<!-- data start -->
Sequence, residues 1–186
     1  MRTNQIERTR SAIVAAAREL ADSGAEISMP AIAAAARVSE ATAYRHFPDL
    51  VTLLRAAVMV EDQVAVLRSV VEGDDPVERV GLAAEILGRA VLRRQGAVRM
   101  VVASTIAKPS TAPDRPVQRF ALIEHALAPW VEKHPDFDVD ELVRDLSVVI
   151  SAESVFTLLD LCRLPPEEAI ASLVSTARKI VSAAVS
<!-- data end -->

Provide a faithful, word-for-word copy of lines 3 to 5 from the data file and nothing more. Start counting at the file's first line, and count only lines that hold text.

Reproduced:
    51  VTLLRAAVMV EDQVAVLRSV VEGDDPVERV GLAAEILGRA VLRRQGAVRM
   101  VVASTIAKPS TAPDRPVQRF ALIEHALAPW VEKHPDFDVD ELVRDLSVVI
   151  SAESVFTLLD LCRLPPEEAI ASLVSTARKI VSAAVS